Rest is spiritual. In our culture it’s unpopular. Getting adequate rest, admitting that you sleep 8 or 9 hours per night or that you took a nap is often viewed as lazy. Even in Christian circles, he who works the longest without a break is often considered the most godly. (I’m not talking about people who actually have a low sleep need. Some people are like that. Not me.) Nevertheless, we must remember that even God (who doesn’t need anything) rested after He created the World, and He ordained Sabbath rest.
This week I received my new copy of Notes from Toad Hall. The writings of Margie Haack and her husband Denis have had a profound impact on my spiritual journey, especially in terms of how I view people outside Christianity—even when I disagree with their viewpoint they make me think. I so appreciated Margie’s thoughts in this issue. She quotes Professor David Nelson:
[O]ur theological reflection (in the sense of reflection upon God) should lead us to recognize that God himself has not chosen to accomplish everything in one day, one week, month or year. Not only does God’s creative work occur over time, but His providential work of bringing all things to His good end occurs over millennia. Since God Himself does not accomplish all his purposes in one day, it seems odd that His people might fret, forsake rest, and live disordered lives to do what God Himself has chosen not to do. What God could do, He does not, and what we cannot do, we attempt to do, to our own detriment.
Margie then adds, “This rhythm of work and rest that Nelson writes about is rooted in creation and presupposes that what we do in an ordinary, everyday way is ordained and blessed by God, which applies to all sorts of vocations—not just religious or missionary callings. God not only grants us the freedom to do nothing visibly useful at times, he insists on it. He desires us to trust that our resting accomplishes his purposes even when closure looks way overdue and our path looks grim.”
Dallas Willard, whom Billy was privileged to interview a few years ago, told my husband this: He gives a yearly 2-week spiritual retreat to students at a large seminary. One of the retreat requirements is that the participants stay in bed for 10 hours each night. Can you imagine? Enough sleep over a two week period would make a new person out of anyone!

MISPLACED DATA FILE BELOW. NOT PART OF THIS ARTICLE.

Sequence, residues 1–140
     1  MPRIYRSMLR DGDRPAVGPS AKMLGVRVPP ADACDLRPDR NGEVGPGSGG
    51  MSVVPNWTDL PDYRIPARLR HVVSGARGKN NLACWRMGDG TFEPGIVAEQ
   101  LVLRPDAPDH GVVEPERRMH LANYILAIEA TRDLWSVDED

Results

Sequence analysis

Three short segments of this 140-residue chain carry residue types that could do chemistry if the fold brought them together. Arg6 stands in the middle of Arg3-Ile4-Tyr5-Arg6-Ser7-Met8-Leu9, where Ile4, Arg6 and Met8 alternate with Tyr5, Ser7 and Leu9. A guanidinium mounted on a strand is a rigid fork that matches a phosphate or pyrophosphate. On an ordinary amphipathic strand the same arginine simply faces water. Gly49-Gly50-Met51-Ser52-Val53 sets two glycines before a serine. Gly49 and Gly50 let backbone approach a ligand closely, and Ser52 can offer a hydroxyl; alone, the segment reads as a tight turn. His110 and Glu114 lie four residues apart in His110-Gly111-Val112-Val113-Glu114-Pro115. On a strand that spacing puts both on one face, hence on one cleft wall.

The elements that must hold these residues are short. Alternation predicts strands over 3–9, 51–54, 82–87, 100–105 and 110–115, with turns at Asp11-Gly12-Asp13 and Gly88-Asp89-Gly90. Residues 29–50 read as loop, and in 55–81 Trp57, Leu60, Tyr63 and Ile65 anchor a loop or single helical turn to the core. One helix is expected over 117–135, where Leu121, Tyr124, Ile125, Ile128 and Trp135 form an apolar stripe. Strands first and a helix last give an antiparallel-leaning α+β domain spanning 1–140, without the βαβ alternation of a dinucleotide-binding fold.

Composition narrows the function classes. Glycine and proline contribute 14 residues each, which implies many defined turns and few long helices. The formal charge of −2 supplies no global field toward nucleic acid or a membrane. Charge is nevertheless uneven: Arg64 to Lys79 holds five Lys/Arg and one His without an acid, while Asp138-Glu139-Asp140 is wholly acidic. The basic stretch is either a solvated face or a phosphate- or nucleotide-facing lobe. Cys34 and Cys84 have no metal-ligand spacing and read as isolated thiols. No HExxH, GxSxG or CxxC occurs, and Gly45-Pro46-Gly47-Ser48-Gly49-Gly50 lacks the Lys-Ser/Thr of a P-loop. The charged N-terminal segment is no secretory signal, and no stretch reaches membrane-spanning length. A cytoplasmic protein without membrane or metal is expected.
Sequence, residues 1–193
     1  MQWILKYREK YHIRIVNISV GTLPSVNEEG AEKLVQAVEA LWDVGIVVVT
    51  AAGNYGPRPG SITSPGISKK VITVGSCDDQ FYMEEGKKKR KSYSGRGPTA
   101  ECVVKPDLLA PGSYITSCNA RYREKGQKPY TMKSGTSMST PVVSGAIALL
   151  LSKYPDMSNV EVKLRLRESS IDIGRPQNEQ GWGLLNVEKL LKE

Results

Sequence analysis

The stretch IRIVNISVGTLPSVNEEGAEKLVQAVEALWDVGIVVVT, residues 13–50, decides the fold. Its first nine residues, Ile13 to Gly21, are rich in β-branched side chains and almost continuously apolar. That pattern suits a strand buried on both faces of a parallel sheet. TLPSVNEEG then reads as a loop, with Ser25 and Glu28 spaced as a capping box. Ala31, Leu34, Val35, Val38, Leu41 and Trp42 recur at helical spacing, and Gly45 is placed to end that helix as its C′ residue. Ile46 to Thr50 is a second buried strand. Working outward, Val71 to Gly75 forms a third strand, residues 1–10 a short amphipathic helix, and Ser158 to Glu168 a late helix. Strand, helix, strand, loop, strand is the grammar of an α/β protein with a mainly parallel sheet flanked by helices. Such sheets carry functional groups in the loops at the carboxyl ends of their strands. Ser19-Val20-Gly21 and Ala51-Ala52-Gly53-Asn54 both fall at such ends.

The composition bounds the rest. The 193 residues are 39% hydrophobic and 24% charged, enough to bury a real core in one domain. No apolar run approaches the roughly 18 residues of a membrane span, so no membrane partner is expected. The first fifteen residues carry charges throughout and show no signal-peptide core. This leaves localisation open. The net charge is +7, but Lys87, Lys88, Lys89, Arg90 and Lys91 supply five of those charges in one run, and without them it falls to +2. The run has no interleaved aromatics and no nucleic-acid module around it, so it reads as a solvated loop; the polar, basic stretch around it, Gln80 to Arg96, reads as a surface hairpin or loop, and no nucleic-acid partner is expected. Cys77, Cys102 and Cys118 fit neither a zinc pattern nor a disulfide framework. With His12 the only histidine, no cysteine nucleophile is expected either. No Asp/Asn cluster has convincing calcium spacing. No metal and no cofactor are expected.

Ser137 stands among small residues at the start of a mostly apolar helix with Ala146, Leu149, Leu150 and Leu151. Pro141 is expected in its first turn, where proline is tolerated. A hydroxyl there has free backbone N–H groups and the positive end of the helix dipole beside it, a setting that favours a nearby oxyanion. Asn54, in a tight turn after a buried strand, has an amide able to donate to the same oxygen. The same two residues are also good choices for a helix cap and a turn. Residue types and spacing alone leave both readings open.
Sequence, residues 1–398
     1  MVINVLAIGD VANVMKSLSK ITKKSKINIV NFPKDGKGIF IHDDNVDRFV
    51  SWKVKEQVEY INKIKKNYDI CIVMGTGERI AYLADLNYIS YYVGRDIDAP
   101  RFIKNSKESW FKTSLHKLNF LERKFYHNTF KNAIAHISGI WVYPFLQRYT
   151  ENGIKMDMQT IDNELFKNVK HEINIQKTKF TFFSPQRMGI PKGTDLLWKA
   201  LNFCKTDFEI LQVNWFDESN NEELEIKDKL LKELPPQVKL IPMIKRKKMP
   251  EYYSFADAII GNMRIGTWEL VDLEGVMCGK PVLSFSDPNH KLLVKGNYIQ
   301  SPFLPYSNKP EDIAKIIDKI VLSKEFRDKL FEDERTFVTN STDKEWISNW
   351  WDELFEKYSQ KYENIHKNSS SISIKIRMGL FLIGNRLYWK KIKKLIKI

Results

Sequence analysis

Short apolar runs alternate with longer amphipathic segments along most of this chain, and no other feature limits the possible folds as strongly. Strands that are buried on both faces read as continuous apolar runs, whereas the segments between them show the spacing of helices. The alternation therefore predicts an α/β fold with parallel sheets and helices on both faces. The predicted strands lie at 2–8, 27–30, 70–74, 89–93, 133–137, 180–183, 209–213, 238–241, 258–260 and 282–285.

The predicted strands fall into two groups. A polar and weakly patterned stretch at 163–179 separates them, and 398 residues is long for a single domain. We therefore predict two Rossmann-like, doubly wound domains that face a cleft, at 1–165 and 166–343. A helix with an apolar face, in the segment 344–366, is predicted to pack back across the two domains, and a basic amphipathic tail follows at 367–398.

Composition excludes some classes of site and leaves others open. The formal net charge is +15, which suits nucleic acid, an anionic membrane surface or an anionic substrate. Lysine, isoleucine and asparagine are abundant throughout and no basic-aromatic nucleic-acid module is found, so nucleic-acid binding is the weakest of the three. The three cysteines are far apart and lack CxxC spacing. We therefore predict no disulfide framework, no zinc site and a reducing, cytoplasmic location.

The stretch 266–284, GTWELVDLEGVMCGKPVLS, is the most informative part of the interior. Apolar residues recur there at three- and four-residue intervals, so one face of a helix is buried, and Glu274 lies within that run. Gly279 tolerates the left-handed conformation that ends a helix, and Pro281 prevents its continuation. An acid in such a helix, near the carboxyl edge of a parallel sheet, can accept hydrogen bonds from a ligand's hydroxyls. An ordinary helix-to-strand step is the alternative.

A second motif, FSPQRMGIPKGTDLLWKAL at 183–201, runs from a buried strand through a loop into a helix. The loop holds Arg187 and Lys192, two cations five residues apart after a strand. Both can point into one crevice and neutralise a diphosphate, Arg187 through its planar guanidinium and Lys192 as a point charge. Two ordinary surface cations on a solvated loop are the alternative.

Jen at Conversion Diary (a mother of 4 very small children) shared once about her struggles to focus during prayer. When she discussed it with her spiritual director, the director told her to get more sleep. Sometimes there is a simple physical answer to what we view as a complex spiritual problem. Exhaustion can make us not only unable to focus, but can leave us more vulnerable to temptations…the temptation to fear, to yell at our kids, to neglect our husbands, to let our thought life grow up in weeds…because we just feel too weary to fight. That’s not to say that we won’t be tired at times; neither is it an excuse to sin when we are…But when possible, getting enough rest can have a bring incredible spiritual benefit, even if it means leaving some things undone.
That’s hard for us mothers Remember the old saying, “A man may work from sun to sun, but mother’s work is never done”? I for one am frequently tempted to operate out of frustration over all that’s not getting done. I forget to consult God about what His agenda might be for my day, his calling, rather than what I think I should accomplish. For our own good and the good of our families, sometimes we must leave things as they are and simply rest in God, knowing that He will give us grace and time to finish what He has required of us, rather than collapsing under the heavy burdens we lay on ourselves.